Of course, to truly help you make decisions and avoid choice overload, the best strategy is a blended one. So if you haven’t already, consider connecting your Facebook account in Bing, so that we can give you informational results, expert opinions, and guidance from your friends. It is one of the important ways we’re trying to make your search better and since we never share your social network data or use it to sell advertisements (unlike some other search engines), why not give it a try? Because whether it is choosing salad dressing or what to do on a trip to Hawaii, Bing is making search better.

- Matt Wallaert, Bing Team

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4 comments
  1. albertnole1980

    this is hilarious, I just searched for "best salad dressing" on Bing and your first link (ad) took me to a clothing boutique website, Google took me to a great site that talked about making great salad dressing. That's why Bing sucks, at least come up with better examples.

  2. assdroid

    albertnole1980 Bull!! I just tested your example, and both search engines top links are allrecipes.com. Google been censoring too many things and ruining their page design. I like Bing more and more lately. Never using Google again.

  3. raheelaquil

    I think the final decision leave on searchers !!!

  4. ttoastt

    Just to comment on the 'choice overload' issue, and this will veer slightly off topic, but is still generally relevant to your article.

    Let's say that I want to search for SimCity beta videos.  I go to videos.bing.com and search for that string (SimCity beta video).  On the search results page, I see across the top other options that seem relevant (2012 games, Simcity 2013 trailer, SimCity 5 2012, etc.).  Across the left hand side, I see other 'related' topics, that include things like Betacam, HD DVD, cassette tape, and so on.  These are likely keying solely off the word 'beta' in my search, but have nothing to do with what I actually want to see.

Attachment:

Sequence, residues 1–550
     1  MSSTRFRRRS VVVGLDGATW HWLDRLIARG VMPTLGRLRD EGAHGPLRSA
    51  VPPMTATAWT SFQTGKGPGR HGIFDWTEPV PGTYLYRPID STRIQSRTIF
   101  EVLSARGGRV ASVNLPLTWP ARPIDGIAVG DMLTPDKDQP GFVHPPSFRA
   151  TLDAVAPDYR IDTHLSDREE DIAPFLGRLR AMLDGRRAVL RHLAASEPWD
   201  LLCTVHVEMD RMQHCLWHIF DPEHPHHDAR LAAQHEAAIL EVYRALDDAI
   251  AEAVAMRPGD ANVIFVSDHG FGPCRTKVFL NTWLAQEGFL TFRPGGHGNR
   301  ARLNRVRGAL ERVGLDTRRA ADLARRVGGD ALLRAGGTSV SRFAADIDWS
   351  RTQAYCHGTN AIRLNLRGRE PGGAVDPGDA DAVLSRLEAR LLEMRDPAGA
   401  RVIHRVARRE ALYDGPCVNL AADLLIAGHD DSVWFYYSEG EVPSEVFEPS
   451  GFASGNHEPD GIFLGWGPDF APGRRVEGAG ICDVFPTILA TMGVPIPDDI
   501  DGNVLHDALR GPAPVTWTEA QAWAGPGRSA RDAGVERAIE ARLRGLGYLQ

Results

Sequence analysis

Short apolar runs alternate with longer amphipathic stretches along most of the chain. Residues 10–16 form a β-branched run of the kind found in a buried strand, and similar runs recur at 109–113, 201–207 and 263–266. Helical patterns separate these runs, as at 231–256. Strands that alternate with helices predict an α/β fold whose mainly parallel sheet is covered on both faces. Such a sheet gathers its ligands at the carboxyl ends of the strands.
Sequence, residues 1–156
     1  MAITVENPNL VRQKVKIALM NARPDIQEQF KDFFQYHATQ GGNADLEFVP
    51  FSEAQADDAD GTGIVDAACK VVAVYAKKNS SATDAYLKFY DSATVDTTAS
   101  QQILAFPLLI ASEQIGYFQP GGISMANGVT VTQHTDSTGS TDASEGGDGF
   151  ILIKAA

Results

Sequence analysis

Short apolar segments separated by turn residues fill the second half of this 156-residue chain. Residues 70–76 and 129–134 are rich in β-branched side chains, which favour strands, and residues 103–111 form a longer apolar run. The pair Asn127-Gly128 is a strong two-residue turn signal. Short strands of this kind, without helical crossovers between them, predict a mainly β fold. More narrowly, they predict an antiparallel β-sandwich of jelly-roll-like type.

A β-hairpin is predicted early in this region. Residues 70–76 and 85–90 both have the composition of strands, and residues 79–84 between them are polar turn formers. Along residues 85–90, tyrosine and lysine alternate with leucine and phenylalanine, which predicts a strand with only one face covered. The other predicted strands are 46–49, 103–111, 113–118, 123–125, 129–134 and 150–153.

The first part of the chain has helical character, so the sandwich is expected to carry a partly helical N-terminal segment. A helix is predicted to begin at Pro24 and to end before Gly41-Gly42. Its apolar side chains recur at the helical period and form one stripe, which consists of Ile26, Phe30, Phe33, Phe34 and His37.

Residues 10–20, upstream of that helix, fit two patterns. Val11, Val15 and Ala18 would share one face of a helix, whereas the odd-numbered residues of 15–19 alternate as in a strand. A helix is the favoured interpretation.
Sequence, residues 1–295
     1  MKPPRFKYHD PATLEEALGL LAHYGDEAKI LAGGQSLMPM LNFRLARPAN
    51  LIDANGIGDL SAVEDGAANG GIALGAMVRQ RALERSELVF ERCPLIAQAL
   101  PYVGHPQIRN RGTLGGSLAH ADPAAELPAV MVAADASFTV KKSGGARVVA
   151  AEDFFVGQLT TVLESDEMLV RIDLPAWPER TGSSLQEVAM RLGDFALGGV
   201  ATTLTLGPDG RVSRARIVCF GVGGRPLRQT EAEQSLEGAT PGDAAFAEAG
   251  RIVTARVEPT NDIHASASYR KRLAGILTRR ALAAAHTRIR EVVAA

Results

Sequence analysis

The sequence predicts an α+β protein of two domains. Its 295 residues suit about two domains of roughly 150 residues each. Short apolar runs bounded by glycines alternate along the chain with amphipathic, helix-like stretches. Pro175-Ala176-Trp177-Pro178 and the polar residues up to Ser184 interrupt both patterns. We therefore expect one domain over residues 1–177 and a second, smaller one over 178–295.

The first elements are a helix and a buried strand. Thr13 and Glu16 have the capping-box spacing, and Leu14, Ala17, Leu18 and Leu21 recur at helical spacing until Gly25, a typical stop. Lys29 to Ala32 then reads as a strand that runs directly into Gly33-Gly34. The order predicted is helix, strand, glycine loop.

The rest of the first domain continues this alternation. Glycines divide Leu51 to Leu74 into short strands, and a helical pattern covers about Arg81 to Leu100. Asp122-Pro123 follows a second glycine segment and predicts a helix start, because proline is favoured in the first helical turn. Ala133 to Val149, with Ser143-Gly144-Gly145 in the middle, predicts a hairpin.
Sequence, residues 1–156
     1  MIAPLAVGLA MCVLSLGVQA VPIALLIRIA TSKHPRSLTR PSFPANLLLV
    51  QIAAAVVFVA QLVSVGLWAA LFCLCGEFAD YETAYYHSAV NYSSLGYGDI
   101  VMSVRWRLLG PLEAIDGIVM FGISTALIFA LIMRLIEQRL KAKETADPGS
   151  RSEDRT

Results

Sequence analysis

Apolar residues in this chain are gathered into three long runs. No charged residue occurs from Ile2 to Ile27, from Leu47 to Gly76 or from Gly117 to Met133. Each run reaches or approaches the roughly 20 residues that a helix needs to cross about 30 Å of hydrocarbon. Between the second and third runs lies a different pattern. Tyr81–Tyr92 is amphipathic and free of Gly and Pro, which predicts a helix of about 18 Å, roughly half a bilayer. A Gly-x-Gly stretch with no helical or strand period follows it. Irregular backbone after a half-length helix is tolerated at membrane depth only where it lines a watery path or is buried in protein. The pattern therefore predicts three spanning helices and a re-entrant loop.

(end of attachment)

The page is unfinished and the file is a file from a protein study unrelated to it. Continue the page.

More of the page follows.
Aside from that, I have a results pane of nearly 1800 videos.  First few rows I looked through do in fact seem to relate to SimCity, so that's good.  Now, if I click one, I'm taken to a new page with a new layout.  Across the top of the page, I see a horizontal pane with other related videos.  Under that, I see the only reason I'm on the page in the first place – the video I selected from the results pane.  To the right of the video is the related searches pane, with similar options to what I saw on the search results page (2012 games, etc.)

    Below this section I see a 'trending video searches' section.  This, obviously, has nothing to do with why I'm on the page I'm on, and I have zero interest in what I see there (Justin Timberlake, Lunar moths, etc.).  

    So a few thoughts – bing appears to be able to discern the type of video I'm searching for, but you're creating choice overload with your results screens, especially for videos.  Look at the Metro UI apps to have for Windows 8 / RT / WP8.  Simplify bing's UI on all fronts to be more in line with that.  Cut out the extras like the 'trending video searches' that no one is asking to see in the first place.  

    One of the commercials I remember seeing for Windows Phone was that it made it easier to just get in to see what you wanted, and get on with things.  The layout of the video search results page / video viewing page doesn't reflect this same mentality.  If I've clicked on a specific video to view it, then that should be the main focus of the screen.  Related videos shouldn't be above it.  Especially if I'm on something like a tablet with limited horizontal screen space.  If I click on a video to view it, why is it that the first thing I have to do is scroll down so that I can see it all?

    Anyway, bing appears capable of narrowing the result to what I wanted (which is the biggest hurdle), but your UI doesn't seem to reflect the philosophy you're outlining above, at least for the video section.